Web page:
The photo below is of my husband and me enjoying a Michigan sunset long ago. I don’t think we were even married yet. It’s the only copy I have, and it’s covered in fingerprints. I think one of our kids ripped it at some point. It hangs on the bulletin board in my office, reminding me how far we have come, together, finding our way home. Cheers to the man who never gave up on me.


The Anti-Social Experiment

But how could I not check in at Abbey Road on Facebook and Instagram a pic of us crossing it?

But how could I not check in at Abbey Road on Facebook and Instagram us crossing it?

On our family’s first trip to Disney World, when Facebook was just a baby and Instagram did not even exist, I saw a father videotaping his children on the Animal Kingdom safari ride. His family was sitting directly in front of mine, and I remember being fascinated by this dad and his video camera. He was so busy trying to preserve the moment that he did not appear to be enjoying it at all. I wondered why he didn’t just snap a quick photograph instead of spending the entire ride behind the camera. Wouldn’t it be better to be a part of the memory by experiencing the event, to be a participant in the adventure rather than just its chronicler?

In my twenties, watching a breathtaking sunset on Lake Michigan, I remember wishing out loud for a camera to capture its beauty. A wise friend said, “I don’t need a camera. My memory of it is better.” I guess he was right because I still remember how that sunset made me feel. A photo would not have done the moment justice.

I wonder what that long lost friend would think about Instagram. I doubt he even has a Facebook account. But I, like that dad at Disney so long ago, sometimes find myself a chronicler of rather than a participant in my life. I spend a lot of time capturing moments on Facebook and Instagram, especially when we travel. I use social media as my scrapbook and photo album, checking in on Facebook to record the names of restaurants, landmarks and historic sites we visit. I write status updates about the day’s itinerary and post photos as we move from place to place to help myself remember the sequence of our journey. But if I press the pause button to capture a moment on Facebook or Instagram, am I enhancing it or diminishing it? Does my obsession with preserving a memory keep me from truly being part of it?

On a recent family ski trip, I decided to find out by taking a break from social media and simply enjoying the moments as they happened. It was our first visit to Colorado, and I wanted to fully embrace its landscape and culture, which are so different from what we know in the Midwest. I took photos here and there, but I didn’t Instagram them. I ate delicious meals, but I didn’t check in at any restaurants on Facebook. Instead, I disconnected from my online persona for a few days and reconnected with my real world self and my family. What I found was that I liked being a participant rather than a chronicler. Posting the photos of our journey on social media could wait until after we were home. I wanted to experience it first.

That social media-free trip inspired me to take a break from my personal Facebook account. I have a page where I promote this blog and share links, and that will remain active. But I am taking some time off from posting on my own page to reassess how I use social media in general. Maybe Twitter is a better forum for my random thoughts. Maybe Instagram is a more appropriate place for my food and travel photos. I am not sure what the right balance is, but I do know that constantly sharing my personal musings, photos and whereabouts with 478 people, many of whom I haven’t spoken to in years or barely know, is beginning to feel off-kilter. Do any of them care what I ate for lunch at Le Fumoir on the way to the Louvre? Do they need to see a photo of my family crossing Abbey Road? Do they know I am just excited about my travels and not bragging about them? That last question in particular has been haunting me lately.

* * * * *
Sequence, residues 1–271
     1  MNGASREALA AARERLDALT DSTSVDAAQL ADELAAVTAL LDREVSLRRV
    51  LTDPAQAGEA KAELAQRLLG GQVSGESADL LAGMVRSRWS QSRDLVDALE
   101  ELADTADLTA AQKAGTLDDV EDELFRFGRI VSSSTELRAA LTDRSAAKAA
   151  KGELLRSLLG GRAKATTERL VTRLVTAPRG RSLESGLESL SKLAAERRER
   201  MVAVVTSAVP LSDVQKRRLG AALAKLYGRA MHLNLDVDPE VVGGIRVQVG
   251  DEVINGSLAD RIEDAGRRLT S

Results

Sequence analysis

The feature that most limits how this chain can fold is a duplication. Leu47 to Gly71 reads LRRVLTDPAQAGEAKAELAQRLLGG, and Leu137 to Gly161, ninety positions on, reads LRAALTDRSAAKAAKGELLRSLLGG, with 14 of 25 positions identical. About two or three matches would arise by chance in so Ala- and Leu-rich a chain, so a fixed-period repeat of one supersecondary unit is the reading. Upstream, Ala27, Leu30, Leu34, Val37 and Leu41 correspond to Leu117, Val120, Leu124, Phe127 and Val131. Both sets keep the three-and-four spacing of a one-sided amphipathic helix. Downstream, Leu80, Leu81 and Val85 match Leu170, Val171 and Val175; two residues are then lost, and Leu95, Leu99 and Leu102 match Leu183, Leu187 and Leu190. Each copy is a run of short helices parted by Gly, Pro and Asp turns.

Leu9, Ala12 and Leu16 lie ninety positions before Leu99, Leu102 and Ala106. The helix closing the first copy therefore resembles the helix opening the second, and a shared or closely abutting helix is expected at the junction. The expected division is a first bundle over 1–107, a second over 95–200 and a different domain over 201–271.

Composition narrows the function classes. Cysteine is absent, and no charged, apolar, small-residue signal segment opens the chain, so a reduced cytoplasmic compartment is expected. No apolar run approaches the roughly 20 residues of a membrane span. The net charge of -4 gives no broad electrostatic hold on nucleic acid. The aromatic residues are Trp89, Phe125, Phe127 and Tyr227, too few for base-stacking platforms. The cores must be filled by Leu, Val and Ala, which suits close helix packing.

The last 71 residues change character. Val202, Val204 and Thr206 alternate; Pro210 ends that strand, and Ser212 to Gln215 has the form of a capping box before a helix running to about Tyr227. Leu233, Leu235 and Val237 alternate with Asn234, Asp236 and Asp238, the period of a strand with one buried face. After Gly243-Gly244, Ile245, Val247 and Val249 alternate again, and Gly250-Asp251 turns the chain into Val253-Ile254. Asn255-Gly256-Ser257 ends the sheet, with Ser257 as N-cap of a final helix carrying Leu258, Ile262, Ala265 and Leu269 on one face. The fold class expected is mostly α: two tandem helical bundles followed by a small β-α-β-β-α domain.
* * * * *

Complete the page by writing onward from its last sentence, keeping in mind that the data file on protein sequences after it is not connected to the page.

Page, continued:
I’m only five days into my Facebook sabbatical. Considering how poorly I did the last time I attempted a social media dryout, my success is not imminent. So far, though, I’m happy to be living in the moment instead of wondering how to hashtag it. I’ll keep you posted on my progress. But don’t expect a status update.

Are you a social media junkie? How do you find a balance between life online and ITRW?


Update: Well, this probably comes as no surprise, but my “anti-social experiment” failed miserably after just 15 days. I did learn some valuable lessons, though. For instance, Facebook makes it pretty difficult for bloggers to get any traction without advertising. I knew this, of course, but it was frustrating to see it play out. When I made updates about new blog posts on my Michigan Left fan page, no one saw them. But more important than that, I missed the people I actually do interact with on Facebook. Working from home, FB is kind of like my water cooler. It’s fun to take a break and socialize. I just need to limit myself more, so I can stay focused. We will see how that goes. Stay tuned.

Over the Hill

Our first day at Copper Mountain, before I tried to ski. At least I look like I might know what I'm doing.

Our first day at Copper Mountain, before I tried to ski. At least I look like I might know what I’m doing.

As I make my way through my forties, I find myself facing a painful fact: I am afraid. I’m not just referring to my lifelong fear of spiders and aversion to clowns. Now I am afraid of lots of things. Things like amusement park rides, fast-moving vehicles, small planes, narrow bridges, coastal highways and mountain roads. Things that never bothered me in my twenties, when I stubbornly embraced my own invincibility, terrify me in middle age, and all I can wonder is: What happened?